The Changling Under the Fairy Tree


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Does it matter? From where these beautiful children come, they come with magic.

The photograph of my grandson prepared to seize the day, with his basketball and backpack, tells me none of us, no matter how old or young, are born to disappoint, but, point the way.

When I beheld the photo of Keven and Tyler, I saw a young man of nineteen, perhaps practicing to be a father with his brother’s child?

We are Changling Children, born from the rings in the great Fairy Tree. And we arrive, arrive, we arrive!



A Midsummer Night’s Dream is a comedy play by William Shakespeare, believed to have been written between 1590 and 1596. It portrays the events surrounding the marriage of the Duke of Athens, Theseus, and Hippolyta. These include the adventures of four young Athenian lovers and a group of six amateur actors (mechanicals), who are controlled and manipulated by the fairies who inhabit the forest in which most of the play is set. The play is one of Shakespeare’s most popular works for the stage and is widely performed across the world.

The first duke of Athens (as well as of Thebes, at first) was Otto de la Roche, a minor Burgundian knight of the Fourth Crusade. Although he was known as the “Duke of Athens” from the foundation of the duchy in 1205, the title did not become official until 1260. Instead, Otto proclaimed himself “Lord of Athens

Blavatsky portrayed the Theosophical Society as being part of one of many attempts throughout the millennia by this hidden Hierarchy to guide humanity – in concert with the overall Intelligent Cosmic Evolutionary scheme – towards its ultimate, immutable evolutionary objective: the attainment of perfection and the conscious, willing participation in the evolutionary process. These attempts require an earthly infrastructure (such as the Theosophical Society) which she held was ultimately under the inspiration of a number of Mahatmas, members of the Hierarchy.[8]

Literary critic Shirley Nelson Garner argues that there are several reasons why Oberon wants to take the Indian boy from Titania, but the biggest reason is that Oberon wants Titania’s affection all to himself.

One reason Oberon wants to take the boy from Titania is that, as Garner points out, Titania has an affection for the boy that borders on the erotic. We see this strength of affection when Puck informs us that Titania “crowns [the boy] with flowers, and makes him all her joy,” which is the exact same way we see her treat Bottom when she falls in love with him (II.i.27). Hence, if Oberon is recognizing her affection of the boy as being somewhat erotic, then he would certainly feel jealous and want to have her affection all to himself.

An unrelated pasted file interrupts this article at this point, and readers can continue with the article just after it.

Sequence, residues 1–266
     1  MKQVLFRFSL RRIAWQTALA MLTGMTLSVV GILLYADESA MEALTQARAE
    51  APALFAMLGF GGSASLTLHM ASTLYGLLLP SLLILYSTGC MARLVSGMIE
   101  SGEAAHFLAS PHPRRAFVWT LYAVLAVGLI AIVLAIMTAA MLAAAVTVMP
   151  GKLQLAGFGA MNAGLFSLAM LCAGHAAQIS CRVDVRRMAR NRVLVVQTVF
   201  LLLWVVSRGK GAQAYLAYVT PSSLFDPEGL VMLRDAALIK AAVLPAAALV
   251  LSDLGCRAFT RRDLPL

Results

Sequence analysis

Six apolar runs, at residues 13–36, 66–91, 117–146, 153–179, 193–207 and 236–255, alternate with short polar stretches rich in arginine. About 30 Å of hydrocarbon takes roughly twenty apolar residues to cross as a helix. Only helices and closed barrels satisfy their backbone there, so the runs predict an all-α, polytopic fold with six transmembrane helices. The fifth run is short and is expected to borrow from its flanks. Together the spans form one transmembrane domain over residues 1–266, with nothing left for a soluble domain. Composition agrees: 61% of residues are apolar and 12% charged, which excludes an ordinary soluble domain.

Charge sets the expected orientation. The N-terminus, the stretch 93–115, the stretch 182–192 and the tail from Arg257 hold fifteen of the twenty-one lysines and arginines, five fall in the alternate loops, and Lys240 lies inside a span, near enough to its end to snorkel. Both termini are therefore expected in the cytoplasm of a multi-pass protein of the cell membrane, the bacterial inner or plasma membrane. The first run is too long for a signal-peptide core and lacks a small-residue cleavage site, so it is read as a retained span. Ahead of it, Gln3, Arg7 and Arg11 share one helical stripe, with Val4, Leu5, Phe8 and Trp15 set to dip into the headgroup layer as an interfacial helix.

Garner explains that another reason why he is jealous is actually because, not only does she feel a somewhat erotic affection for the boy, Titania also had a very close bond with the boy’s mother. Titania explains that the boy’s “mother was a votaress of [her] order,” meaning a devout worshiper of Titania, possibly even a “priestess.” But beyond being a devout worshiper, Titania also expresses that she and the boy’s mother were very close and very frequently gossiped together and conversed. Thus, when the boy’s mother died while in labor, Titania promised to care for the boy. Hence, another reason why Oberon is jealous of the boy is because he was jealous of the closeness Titania shared with the boy’s mother.

Therefore, we can see that Oberon is jealous of the boy because he does not want Titania sharing her affection with anyone else and instead wants her affection all to himself.

Almost all kinds of tree found in the Celtic countries have been thought to have special powers or to serve as the abode of the fairies, especially the magical trio of oak, ash, and thorn. Next in rank are the fruit-bearing trees apple and hazel, followed by the alder, elder, holly, and willow. The esteem given different trees varies in different parts of the Celtic world; on the Isle of Man, the phrase ‘fairy tree’ denotes the tramman elder.[1] The medieval Welsh poem Cad Goddeu (The Battle of the Trees) has been interpreted as a remnant of Druidic lore, possibly relating to the Celtic tree alphabet ogham found across northwestern Europe.

About Royal Rosamond Press

I am an artist, a writer, and a theologian.
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